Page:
Just got off the phone with a relative (two relatives, actually) and I want to pull my hair out. Did that ever happen to you? Without going into details I’m worried about the choices this person is making and it’s hard not being able to jump in and just fix another person’s life without their consent.
So after I hung up the first thing I wanted to do was drink a Diet Coke. I wanted to taste the fizzy sweetness and thought it would calm me down, which scientifically isn’t really even possible because it has caffeine in it.
The good news is that I did not drink it, but now I’m kind of wondering about emotional eating. Why do I want to eat when I’m stressed out?
Dr. Susan Albers, psychologist at the Cleveland Clinic Hospital and author of “50 Ways to Soothe Yourself Without Food,” “Eating Mindfully,” “Eat, Drink & Be Mindful and “Mindful Eating 101” answers my question thus:
“Why is Food so Comforting?
There are many reasons food can be so seductive in moments of stress.
- Biology. When you are stressed out, your body is flooded with cortisol, a stress hormone, which makes you crave carbohydrates, sugar and fatty foods. Food is soothing due to the chemical changes it creates in your body. Chocolate is an excellent example. Chocolate boosts the “feel good” neurotransmitters and chemicals in your body that make you more alert and excited.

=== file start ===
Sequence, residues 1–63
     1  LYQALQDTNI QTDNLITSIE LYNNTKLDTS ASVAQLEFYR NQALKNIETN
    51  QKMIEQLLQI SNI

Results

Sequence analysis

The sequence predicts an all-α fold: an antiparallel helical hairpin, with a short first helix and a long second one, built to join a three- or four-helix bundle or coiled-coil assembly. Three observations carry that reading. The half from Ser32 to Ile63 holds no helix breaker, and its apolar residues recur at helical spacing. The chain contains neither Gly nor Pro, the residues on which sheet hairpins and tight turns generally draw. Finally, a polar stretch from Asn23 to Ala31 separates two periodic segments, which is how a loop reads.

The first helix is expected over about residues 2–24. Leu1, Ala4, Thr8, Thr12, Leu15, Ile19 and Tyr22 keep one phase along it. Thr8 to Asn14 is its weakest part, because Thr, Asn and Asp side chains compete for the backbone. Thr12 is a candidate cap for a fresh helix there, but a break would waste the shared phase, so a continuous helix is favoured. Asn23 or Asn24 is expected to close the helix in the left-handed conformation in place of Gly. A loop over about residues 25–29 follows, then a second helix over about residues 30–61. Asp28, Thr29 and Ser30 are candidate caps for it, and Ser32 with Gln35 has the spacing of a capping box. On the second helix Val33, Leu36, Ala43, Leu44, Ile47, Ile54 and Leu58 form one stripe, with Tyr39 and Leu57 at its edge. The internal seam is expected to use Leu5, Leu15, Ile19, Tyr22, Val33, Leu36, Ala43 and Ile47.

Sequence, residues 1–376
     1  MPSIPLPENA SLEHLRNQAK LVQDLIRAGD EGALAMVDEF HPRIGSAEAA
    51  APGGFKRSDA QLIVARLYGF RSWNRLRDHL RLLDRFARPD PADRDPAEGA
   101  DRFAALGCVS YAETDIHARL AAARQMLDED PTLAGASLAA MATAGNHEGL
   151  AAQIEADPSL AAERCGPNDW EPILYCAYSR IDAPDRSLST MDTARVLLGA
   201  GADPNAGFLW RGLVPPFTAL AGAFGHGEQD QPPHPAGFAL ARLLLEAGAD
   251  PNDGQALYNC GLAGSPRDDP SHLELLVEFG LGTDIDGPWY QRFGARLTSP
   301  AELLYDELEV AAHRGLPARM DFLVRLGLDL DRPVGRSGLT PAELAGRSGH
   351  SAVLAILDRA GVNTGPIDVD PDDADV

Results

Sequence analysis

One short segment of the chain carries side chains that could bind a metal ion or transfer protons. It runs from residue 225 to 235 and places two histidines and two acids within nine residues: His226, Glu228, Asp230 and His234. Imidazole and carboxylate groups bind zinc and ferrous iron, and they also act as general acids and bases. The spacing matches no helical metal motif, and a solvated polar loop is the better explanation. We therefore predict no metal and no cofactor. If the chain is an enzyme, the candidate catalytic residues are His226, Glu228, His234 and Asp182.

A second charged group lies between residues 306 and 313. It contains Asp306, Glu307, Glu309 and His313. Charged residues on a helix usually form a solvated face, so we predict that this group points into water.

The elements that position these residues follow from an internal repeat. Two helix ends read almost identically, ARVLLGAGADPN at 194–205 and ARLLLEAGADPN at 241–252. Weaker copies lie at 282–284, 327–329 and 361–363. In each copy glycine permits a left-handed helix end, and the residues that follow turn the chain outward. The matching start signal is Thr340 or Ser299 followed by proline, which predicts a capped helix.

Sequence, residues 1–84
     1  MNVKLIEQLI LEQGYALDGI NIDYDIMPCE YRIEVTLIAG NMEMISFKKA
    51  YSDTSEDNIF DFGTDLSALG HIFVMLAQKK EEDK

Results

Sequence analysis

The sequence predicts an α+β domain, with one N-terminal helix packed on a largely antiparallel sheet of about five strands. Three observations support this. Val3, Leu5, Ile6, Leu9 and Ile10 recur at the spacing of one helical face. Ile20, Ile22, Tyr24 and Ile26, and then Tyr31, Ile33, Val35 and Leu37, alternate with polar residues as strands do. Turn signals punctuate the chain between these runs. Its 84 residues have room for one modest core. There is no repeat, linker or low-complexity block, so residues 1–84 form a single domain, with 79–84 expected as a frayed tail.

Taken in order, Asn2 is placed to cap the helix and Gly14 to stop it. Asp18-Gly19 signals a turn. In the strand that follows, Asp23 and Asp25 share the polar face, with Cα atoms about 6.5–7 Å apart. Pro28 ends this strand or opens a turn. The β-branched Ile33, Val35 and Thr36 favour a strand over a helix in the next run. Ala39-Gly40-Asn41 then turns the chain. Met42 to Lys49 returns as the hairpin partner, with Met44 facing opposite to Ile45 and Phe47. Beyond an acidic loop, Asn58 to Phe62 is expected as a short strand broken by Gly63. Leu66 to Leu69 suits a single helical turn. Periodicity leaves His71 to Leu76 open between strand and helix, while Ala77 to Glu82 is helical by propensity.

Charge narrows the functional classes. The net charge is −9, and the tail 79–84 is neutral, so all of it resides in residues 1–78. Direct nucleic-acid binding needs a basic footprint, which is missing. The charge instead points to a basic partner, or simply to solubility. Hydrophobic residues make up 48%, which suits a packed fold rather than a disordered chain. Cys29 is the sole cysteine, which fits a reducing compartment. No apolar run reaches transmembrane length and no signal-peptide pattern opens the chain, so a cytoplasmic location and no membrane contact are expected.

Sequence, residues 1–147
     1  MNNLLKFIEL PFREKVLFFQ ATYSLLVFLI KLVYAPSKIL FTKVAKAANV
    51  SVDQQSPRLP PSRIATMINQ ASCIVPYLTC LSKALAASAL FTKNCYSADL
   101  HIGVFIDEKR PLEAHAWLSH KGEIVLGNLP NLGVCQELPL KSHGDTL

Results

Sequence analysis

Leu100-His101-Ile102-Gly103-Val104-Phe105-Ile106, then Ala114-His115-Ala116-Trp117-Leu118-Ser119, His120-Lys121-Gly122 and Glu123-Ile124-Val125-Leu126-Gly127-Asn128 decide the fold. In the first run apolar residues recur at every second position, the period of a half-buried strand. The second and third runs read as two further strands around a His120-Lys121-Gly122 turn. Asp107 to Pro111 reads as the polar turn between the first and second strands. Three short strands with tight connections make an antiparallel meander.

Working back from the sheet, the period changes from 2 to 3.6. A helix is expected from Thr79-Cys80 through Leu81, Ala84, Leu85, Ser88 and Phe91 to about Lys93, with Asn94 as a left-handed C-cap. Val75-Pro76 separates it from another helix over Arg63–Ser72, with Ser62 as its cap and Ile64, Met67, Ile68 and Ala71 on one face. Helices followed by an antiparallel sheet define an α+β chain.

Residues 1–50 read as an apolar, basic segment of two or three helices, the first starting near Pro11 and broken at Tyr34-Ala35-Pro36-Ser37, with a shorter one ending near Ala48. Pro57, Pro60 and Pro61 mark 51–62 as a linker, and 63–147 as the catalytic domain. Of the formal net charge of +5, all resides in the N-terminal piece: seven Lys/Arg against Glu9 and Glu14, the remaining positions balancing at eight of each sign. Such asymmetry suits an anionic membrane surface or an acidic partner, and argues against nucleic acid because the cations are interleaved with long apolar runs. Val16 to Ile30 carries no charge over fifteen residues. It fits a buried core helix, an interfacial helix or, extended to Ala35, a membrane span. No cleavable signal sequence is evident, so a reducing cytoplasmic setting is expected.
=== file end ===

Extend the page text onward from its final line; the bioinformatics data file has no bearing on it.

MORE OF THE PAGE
- Tune Out. Eating can be distracting. It can take your attention away from whatever is bothering you emotionally.
- Beliefs. You may also be conditioned to believe eating can ease pain. Many media ads push the therapeutic value of food. For example, a commercial may urge you to buy a particular candy because it will bring you “bliss” or “happiness.”
- Convenience. We enjoy things that are easy and convenient. Vending machines and fast food restaurants are always close at hand when you are fretting.
- Entertainment. It is difficult for many of us to deal with boredom and anxiety. Preparing food and eating it can be entertaining and fills gaps in time.
- Good Vibes. Emotional eating may be linked to your childhood. Perhaps home baked cookies or macaroni and cheese automatically trigger positive or comforting memories from the past.”
Thanks for the info, Dr. Albers! Here is the link to her article: Emotional Eating. So now I just have to figure out what to do instead of eating crap. Another post for another time.
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